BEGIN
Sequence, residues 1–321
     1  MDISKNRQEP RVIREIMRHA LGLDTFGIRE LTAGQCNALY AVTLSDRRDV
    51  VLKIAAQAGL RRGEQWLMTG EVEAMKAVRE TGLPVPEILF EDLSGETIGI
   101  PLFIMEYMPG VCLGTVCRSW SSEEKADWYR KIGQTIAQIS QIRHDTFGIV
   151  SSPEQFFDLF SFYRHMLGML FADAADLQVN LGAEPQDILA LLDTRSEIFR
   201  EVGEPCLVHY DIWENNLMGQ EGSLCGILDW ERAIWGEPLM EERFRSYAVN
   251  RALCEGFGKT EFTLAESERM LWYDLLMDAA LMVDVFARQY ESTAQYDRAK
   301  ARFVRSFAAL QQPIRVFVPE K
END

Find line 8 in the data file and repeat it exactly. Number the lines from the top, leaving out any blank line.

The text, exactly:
   301  ARFVRSFAAL QQPIRVFVPE K